Barnes-Jewish Hospital | Washington University Physicians
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Originally published Jan 2024


Photography by Tim Parker


In 400 BCE, Archytas of Tarentum, known for inventing the pulley, built a pigeon out of wood and made it fly. The “why” of that invention may be lost, but the human penchant for automation has persisted.

Today, in the 21st century, the “why” of robotics in health care is evident. Specialists use this technology to save lives.



“Using robotic technology in the operating room doesn’t mean that a robot is performing surgery on its own. It means that robotic technology is being used as a tool during surgery,” says Adeel Khan, MD, MPH, FACS, Washington University transplant surgeon at Barnes-Jewish Hospital. During a robotic-assisted surgery, Khan sits in a console situated just a few feet away from the patient. He uses 3D visualization provided by a camera mounted at the head of the robotic instrument and joystick-like tools that work as extensions of his own hands. In this way, Khan says, “I’m performing the surgery; robotic technology does what I want it to.”

Khan says that this technology gives him additional flexibility, dexterity, articulation, visualization and stability, all of which he uses to retrieve kidneys from living donors and transplant them into people in need of a new kidney. Nathaniel Moulton, MD, Washington University pulmonologist at Barnes-Jewish Hospital, relies on those same robotic qualities to perform biopsies of small tumors located deep within the lungs.

Moulton says: “One of the problems with the traditional, flexible bronchoscope we use for biopsies is simply holding the instrument steady. The slightest movement of my hand can take me from inside a nodule to outside it. The robotic tool ensures no movement takes place.”

But the benefits of using this technology in patient care go far beyond improved stability and dexterity. This technology also is helping surgeons like Khan and Moulton address some of the biggest problems in their fields.

More kidneys for more people

As of mid-December 2023, about 23,000 people in the U.S. had undergone kidney transplantation; another 93,000 were on the wait list for a matching organ. Compared with all other transplanted organs, kidneys are most in demand. In fact, kidneys make up 86% of the total of donor organs needed, according to the U.S. Health Resources and Services Administration.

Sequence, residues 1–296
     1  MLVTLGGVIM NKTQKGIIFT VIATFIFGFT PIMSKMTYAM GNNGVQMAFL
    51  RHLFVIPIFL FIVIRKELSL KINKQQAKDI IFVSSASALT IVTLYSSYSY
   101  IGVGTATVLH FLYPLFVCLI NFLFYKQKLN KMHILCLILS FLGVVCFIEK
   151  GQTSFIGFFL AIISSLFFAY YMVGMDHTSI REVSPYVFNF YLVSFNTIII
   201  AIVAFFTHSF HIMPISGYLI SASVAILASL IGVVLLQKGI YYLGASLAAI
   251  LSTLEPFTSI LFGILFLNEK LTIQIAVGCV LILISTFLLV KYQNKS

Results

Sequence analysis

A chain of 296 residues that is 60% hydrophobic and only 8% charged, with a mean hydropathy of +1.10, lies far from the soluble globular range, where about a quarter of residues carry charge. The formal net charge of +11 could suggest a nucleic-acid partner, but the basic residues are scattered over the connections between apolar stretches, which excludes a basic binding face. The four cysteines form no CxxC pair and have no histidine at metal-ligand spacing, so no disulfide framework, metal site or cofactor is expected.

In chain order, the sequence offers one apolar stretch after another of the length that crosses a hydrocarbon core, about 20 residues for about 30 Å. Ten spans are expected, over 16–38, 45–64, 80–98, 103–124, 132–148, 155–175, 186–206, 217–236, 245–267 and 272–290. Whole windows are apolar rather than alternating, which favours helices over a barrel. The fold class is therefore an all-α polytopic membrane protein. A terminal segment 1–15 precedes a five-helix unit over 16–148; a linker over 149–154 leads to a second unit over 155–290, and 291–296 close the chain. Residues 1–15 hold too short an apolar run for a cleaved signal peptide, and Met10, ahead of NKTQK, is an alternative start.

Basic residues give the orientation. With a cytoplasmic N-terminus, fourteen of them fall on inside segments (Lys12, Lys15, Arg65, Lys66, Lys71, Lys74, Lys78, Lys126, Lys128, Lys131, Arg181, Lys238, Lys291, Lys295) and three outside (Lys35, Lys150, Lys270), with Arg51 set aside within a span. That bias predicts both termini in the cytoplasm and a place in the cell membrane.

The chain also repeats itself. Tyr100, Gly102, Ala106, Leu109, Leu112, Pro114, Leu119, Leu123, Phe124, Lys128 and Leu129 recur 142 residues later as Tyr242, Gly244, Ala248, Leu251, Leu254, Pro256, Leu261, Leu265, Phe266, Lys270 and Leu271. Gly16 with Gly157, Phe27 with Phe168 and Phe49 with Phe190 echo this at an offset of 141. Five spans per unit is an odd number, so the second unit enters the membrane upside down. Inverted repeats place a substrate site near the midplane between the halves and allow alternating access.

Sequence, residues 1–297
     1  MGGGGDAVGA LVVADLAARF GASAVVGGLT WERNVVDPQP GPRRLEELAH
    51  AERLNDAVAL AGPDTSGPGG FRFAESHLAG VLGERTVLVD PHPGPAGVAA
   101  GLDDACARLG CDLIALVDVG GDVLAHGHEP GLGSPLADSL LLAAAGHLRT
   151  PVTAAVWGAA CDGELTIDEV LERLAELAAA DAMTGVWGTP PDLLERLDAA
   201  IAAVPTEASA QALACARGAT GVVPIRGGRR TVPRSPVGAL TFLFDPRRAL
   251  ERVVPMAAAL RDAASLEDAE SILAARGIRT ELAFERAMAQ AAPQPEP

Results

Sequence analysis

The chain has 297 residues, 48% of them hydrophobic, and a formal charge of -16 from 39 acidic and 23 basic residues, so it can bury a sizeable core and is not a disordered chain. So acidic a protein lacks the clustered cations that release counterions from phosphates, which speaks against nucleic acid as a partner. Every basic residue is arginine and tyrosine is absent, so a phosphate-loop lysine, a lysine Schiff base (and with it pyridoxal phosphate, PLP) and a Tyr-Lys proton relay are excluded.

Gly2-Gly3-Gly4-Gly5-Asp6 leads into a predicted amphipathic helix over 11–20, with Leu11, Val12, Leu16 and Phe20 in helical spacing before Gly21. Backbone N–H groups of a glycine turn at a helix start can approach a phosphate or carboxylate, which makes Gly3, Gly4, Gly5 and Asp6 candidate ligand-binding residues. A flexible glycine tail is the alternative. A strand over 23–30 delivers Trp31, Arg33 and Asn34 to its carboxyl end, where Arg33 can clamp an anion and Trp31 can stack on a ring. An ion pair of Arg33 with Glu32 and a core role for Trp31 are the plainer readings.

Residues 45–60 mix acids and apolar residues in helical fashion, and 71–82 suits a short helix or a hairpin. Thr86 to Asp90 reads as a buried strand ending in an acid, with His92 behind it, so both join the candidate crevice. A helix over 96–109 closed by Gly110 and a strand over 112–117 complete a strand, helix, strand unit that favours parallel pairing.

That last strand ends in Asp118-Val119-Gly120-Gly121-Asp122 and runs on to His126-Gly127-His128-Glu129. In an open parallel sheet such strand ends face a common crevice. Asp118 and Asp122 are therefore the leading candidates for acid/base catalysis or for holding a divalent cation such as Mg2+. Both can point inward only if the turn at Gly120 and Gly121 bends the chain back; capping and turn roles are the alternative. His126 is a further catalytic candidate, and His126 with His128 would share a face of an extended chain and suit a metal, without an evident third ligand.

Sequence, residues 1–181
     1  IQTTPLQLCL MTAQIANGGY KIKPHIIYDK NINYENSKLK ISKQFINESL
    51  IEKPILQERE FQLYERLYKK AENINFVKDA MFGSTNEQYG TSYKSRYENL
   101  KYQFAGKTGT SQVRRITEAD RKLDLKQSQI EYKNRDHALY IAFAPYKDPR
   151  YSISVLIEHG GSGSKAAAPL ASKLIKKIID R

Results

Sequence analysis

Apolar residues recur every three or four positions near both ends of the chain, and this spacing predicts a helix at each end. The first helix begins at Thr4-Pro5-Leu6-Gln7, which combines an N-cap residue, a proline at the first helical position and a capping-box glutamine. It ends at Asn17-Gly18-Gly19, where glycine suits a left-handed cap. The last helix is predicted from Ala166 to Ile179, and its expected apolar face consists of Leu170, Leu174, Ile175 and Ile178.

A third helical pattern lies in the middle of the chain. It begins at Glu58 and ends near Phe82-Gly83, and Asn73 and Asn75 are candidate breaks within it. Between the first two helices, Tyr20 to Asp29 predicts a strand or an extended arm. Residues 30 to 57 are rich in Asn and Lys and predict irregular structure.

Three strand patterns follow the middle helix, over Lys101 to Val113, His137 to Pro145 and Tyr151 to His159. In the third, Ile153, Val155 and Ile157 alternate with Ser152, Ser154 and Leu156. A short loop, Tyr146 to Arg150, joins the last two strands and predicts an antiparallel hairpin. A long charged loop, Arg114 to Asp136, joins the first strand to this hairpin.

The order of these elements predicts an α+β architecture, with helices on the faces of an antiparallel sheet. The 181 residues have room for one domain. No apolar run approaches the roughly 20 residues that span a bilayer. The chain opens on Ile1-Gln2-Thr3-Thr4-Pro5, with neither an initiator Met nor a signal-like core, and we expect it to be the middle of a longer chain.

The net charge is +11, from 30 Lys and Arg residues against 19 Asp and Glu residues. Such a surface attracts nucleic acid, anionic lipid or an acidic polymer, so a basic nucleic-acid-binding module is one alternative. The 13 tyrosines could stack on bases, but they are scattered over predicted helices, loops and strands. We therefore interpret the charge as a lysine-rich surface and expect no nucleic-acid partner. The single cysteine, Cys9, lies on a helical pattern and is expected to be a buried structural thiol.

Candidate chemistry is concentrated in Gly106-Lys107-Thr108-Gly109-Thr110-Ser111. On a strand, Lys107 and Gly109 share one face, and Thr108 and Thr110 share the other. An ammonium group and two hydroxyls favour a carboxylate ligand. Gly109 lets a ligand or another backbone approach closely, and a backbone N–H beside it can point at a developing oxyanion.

Robotic-assisted surgery is helping to improve these dire statistics, potentially increasing the number of available donor kidneys and the number of transplants that can be performed, especially among certain patient populations.

“Transplant surgery is complicated,” says Khan, “and in a traditional transplant, the incisions used are large.” Consequently, recovery can be difficult for some kidney transplant recipients—many of whom are very sick. Khan notes that, for kidney transplant, the patient population in general is aging and becoming more frail, factors that further complicate transplantation and recovery. “That’s where robotic technology can make a difference,” Khan says, because it allows for smaller incisions than those in traditional open surgery or even laparoscopic surgery, potentially reducing the risks involved in living donor donation and transplantation.

That risk reduction means that a greater number of people have the potential to qualify for life-saving surgery. For example: In the past, many people with obesity were not candidates for living-donor kidney donation nor for kidney transplantation because they were at risk for significant complications. Now, however, with robotic technology, Khan says, “we can use a smaller initial incision and disrupt less muscle tissue, whether we’re retrieving a kidney or transplanting one.”

The use of robotics also eases the discomfort of recovery for donors and recipients, many of whom require less pain control and can leave the hospital much sooner, compared with traditional surgery.

Specialized training helps ensure success

Both Khan and Moulton note that extensive training in robotic-assisted surgery safeguards patient safety. While the technology has been available for about 20 years, Khan notes that it has only recently become part of medical school training programs.

Robotics: Making Medicine Better - Tim Fox
Photography by Katie Gertler

“I learned first-hand from a surgeon who was quite experienced,” Khan says. “Today, robotics is more frequently part of a hospital’s surgical practices, so residents have more exposure to it during their training. And medical students can now graduate as certified robotic surgeons.”

At the Washington University and Barnes-Jewish Transplant Center, robotic-assisted transplant surgeries are performed by the Dedicated Robotic Transplant Team. “We don’t have members of the robotics team rotating to different kinds of surgery,” Khan says. “As a result, we have a highly skilled robotics transplant team in place.”